Cytokine switch and bystander suppression of autoimmune responses to multiple antigens in experimental autoimmune encephalomyelitis by a single Recombinant T-cell receptor ligand

Sushmita Sinha, Sandhya Subramanian, Lisa Miller, Thomas M. Proctor, Chris Roberts, Gregory G. Burrows, Arthur A. Vandenbark, Halina Offner

Research output: Contribution to journalArticle

28 Scopus citations

Abstract

Recombinant T-cell receptor ligands (RTLs) can reverse clinical and histological signs of experimental autoimmune encephalomyelitis (EAE) in an antigen-specific manner, and are currently in clinical trials for treatment of subjects with multiple sclerosis (MS). Antigen specificity of RTL raises the question as to whether this treatment would be successful in MS patients where target antigens are unknown. Using spinal cord homogenate or combinations of two different peptides to induce disease, we found that treatment with single RTL could reverse EAE as long as targeted T-cells were present. Therapy with three different RTLs each caused a significant reduction in IL-17 and increases in IL-10 and IL-13 in peptide-activated splenocytes, reduced proliferation of both cognate and bystander specificities of lymph node cells, and reduced inflammatory lesions and secreted IL-17 and IL-2 from peptide-activated spinal cord cells. These results show that treatment with single RTLs can induce a cytokine switch in cognate T-cells that inhibits both the target and bystander T-cells, providing new evidence for the potential applicability of RTL therapy in MS.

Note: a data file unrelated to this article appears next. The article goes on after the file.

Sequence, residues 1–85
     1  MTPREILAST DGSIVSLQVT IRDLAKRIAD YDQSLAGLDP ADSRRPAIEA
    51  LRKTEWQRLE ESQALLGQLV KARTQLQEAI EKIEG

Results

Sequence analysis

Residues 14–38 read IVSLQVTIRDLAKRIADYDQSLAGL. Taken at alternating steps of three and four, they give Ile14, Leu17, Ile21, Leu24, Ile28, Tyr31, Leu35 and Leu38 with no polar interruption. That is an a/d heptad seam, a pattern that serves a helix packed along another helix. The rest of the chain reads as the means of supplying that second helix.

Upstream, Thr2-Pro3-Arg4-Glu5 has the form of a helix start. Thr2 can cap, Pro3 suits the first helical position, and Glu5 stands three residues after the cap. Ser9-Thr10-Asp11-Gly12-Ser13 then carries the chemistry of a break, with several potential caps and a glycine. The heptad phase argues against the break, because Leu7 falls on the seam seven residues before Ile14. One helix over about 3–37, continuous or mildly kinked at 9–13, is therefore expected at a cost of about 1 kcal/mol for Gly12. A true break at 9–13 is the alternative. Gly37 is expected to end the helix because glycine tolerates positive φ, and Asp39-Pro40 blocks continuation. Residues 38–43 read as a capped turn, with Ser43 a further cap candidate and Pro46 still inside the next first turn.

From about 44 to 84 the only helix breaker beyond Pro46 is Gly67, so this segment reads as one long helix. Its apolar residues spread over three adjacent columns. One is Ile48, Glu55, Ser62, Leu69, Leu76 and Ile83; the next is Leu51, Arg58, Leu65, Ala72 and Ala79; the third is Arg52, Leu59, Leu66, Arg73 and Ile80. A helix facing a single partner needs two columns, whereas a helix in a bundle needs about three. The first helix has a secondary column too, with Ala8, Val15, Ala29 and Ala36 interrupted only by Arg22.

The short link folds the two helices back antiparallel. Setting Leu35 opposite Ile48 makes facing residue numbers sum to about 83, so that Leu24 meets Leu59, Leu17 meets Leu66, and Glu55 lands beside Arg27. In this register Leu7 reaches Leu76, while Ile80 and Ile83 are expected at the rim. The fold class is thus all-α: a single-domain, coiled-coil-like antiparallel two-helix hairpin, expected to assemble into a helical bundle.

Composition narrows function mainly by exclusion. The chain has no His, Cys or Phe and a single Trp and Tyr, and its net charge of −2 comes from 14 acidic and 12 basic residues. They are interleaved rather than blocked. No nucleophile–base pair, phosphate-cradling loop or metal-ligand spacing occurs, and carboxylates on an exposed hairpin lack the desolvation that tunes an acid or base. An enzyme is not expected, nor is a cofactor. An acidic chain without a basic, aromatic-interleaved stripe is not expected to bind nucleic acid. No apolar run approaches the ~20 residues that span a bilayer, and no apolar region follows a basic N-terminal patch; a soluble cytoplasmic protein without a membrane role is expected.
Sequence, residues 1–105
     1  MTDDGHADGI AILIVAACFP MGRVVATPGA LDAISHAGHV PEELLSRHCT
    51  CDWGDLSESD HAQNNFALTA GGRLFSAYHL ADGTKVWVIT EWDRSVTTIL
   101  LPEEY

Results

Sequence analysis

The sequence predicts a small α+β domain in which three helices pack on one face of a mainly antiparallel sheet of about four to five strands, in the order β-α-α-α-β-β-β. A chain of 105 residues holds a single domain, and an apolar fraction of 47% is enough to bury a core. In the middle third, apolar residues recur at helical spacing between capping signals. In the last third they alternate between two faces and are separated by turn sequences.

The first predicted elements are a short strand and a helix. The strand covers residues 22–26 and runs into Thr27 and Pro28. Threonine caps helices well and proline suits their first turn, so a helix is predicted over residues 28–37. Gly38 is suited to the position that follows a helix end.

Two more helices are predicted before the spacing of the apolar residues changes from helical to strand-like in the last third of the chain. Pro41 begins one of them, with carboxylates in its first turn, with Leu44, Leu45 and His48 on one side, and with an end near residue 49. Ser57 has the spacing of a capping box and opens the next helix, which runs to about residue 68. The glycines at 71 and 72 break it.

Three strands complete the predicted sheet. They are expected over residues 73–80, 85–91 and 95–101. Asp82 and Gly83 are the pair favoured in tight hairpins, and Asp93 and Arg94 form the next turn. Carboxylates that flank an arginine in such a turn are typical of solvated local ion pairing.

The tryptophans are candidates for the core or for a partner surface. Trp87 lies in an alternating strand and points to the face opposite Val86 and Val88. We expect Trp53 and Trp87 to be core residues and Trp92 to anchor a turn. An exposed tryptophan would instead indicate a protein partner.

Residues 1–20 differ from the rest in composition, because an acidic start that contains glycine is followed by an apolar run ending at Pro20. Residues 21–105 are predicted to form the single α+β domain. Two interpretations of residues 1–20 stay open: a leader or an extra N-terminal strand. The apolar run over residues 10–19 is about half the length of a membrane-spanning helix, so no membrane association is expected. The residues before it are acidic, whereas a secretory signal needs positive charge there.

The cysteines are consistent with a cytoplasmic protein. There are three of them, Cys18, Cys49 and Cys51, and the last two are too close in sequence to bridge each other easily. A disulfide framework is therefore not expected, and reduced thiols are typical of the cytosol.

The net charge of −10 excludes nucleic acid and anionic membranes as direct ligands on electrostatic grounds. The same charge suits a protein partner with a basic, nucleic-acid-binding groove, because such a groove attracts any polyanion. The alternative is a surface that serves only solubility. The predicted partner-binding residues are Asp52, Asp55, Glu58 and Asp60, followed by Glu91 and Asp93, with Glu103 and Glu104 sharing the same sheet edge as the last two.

Original languageEnglish (US)
Pages (from-to)3816-3823
Number of pages8
JournalJournal of Neuroscience
Volume29
Issue number12
DOIs
StatePublished - Mar 25 2009

ASJC Scopus subject areas

  • Neuroscience(all)

Fingerprint Dive into the research topics of 'Cytokine switch and bystander suppression of autoimmune responses to multiple antigens in experimental autoimmune encephalomyelitis by a single Recombinant T-cell receptor ligand'. Together they form a unique fingerprint.

  • Cite this